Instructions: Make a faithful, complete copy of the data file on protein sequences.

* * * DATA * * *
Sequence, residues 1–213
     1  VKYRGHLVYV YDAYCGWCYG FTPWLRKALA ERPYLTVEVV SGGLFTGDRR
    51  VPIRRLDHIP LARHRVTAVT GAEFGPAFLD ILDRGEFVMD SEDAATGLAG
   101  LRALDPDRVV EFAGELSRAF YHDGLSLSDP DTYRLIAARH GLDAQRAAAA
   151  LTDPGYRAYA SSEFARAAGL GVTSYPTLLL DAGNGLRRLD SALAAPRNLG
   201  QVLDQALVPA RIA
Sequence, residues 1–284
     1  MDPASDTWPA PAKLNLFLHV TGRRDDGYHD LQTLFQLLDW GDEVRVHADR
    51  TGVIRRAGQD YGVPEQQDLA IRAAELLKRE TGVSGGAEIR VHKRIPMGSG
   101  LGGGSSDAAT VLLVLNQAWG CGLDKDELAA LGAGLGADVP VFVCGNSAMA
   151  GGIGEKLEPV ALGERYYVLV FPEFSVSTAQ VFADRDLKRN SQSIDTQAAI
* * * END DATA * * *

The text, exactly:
Sequence, residues 1–213
     1  VKYRGHLVYV YDAYCGWCYG FTPWLRKALA ERPYLTVEVV SGGLFTGDRR
    51  VPIRRLDHIP LARHRVTAVT GAEFGPAFLD ILDRGEFVMD SEDAATGLAG
   101  LRALDPDRVV EFAGELSRAF YHDGLSLSDP DTYRLIAARH GLDAQRAAAA
   151  LTDPGYRAYA SSEFARAAGL GVTSYPTLLL DAGNGLRRLD SALAAPRNLG
   201  QVLDQALVPA RIA
Sequence, residues 1–284
     1  MDPASDTWPA PAKLNLFLHV TGRRDDGYHD LQTLFQLLDW GDEVRVHADR
    51  TGVIRRAGQD YGVPEQQDLA IRAAELLKRE TGVSGGAEIR VHKRIPMGSG
   101  LGGGSSDAAT VLLVLNQAWG CGLDKDELAA LGAGLGADVP VFVCGNSAMA
   151  GGIGEKLEPV ALGERYYVLV FPEFSVSTAQ VFADRDLKRN SQSIDTQAAI